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Ludwika

When you whole world comes crashing down on you and you life changes and takes you in directions you would never expect what can you do but try and survive. Ludwika Gierz lived a life of fear, hate, prejudice, injustice, and racial tension, ostracized for her beauty and taunted by others for who she was. Polish and living on a small farm where she tended to the animals, cared for your young child and hopes to keep her sister and mother save, the onset of WWII, her efforts although admiral would prove futile. Mothers only want to protect their children and Ludwika although she had a child out of wedlock managed to care for Irena and the people of her small Polish village finally learned to accept her. Based on a real story author Christoph Fischer pens a story that many have lived some have survived but not ever lived to tell. Ludwika reminds us that WWII and the Holocaust did happen. Many were taken from their homes, imprisoned, killed and tortured because one man thought his way was better and his race superior. Would you give up your family, rearing your child and never seeing your sister or mother again if it meant keeping them alive and safe?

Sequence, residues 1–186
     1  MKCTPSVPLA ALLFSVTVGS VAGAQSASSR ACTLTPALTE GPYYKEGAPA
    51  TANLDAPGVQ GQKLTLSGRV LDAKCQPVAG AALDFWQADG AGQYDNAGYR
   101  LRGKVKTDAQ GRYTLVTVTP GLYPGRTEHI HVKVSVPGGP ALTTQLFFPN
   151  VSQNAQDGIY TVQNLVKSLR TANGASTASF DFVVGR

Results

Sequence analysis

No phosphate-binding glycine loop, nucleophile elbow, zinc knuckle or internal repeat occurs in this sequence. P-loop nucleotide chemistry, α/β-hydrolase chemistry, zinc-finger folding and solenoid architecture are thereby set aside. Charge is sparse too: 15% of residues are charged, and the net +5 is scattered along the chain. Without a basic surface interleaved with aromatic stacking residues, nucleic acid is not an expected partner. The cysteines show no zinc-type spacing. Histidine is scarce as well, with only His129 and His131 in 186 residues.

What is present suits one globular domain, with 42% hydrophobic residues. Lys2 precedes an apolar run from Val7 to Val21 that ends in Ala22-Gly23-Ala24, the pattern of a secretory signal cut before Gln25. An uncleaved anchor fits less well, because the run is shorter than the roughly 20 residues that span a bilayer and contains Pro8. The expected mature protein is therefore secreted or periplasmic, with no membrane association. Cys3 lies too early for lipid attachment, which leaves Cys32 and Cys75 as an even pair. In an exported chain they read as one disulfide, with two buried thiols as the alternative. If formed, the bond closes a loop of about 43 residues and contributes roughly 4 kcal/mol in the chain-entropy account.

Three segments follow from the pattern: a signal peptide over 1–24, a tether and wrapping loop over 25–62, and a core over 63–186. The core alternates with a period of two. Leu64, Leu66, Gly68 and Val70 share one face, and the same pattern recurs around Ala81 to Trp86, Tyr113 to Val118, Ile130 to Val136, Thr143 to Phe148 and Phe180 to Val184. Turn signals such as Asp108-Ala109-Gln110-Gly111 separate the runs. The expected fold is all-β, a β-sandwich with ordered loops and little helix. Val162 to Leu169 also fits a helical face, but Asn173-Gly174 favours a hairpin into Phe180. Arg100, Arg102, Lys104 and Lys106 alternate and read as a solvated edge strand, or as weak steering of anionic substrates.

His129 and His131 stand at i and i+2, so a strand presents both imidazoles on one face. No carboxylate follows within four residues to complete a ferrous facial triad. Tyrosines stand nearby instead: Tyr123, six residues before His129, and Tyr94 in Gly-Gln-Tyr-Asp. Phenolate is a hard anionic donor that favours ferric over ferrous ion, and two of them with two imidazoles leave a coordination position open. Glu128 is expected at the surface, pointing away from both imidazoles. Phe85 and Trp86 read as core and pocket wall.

When their farm that that of others were taken away and German families became their landlords Ludwika came under the eye of a German SS officer named Manfred. Taking to her and wanting more from here than just friendship it appeared that he wanted to take her as his wife. But, appearances and words are often deceiving and although she was loyal to her family and wanted them to keep the few privileges granted to them, she realized that she would have to make a sacrifice that would change her life, the life of her daughter and her family’s too. With Michal as her translator teaching her German and advising her to be more weary, her sister Stasia and her mother Agnieska, would never see her again if she agrees to Manfred’s terms. Just how far would a young mother go to make sure that her child and family were safe? When approaching them and explaining the end result her sister told her if she agreed to go with Manfred she can never come back to her family, her daughter or her village ever again. No communication, no letters she would be no longer a member of their family. While their father is missing and will probably never return, she decides to accept the proposal of this German soldier. Leaving Poland and living in Altona as his wife seemed like the right thing for Ludwika but events would transpire, and tragedy will follow every step of her journey from the moment she leaves her family. One lie would forever alienate her from her daughter, one lie would change it all as Ludwika leaves without saying goodbye, finds her way on a long train ride, befriends a young mother and her fate just might be sealed. With her dark complexion and her accent, which is Polish, causing those in the German Reich to question her background.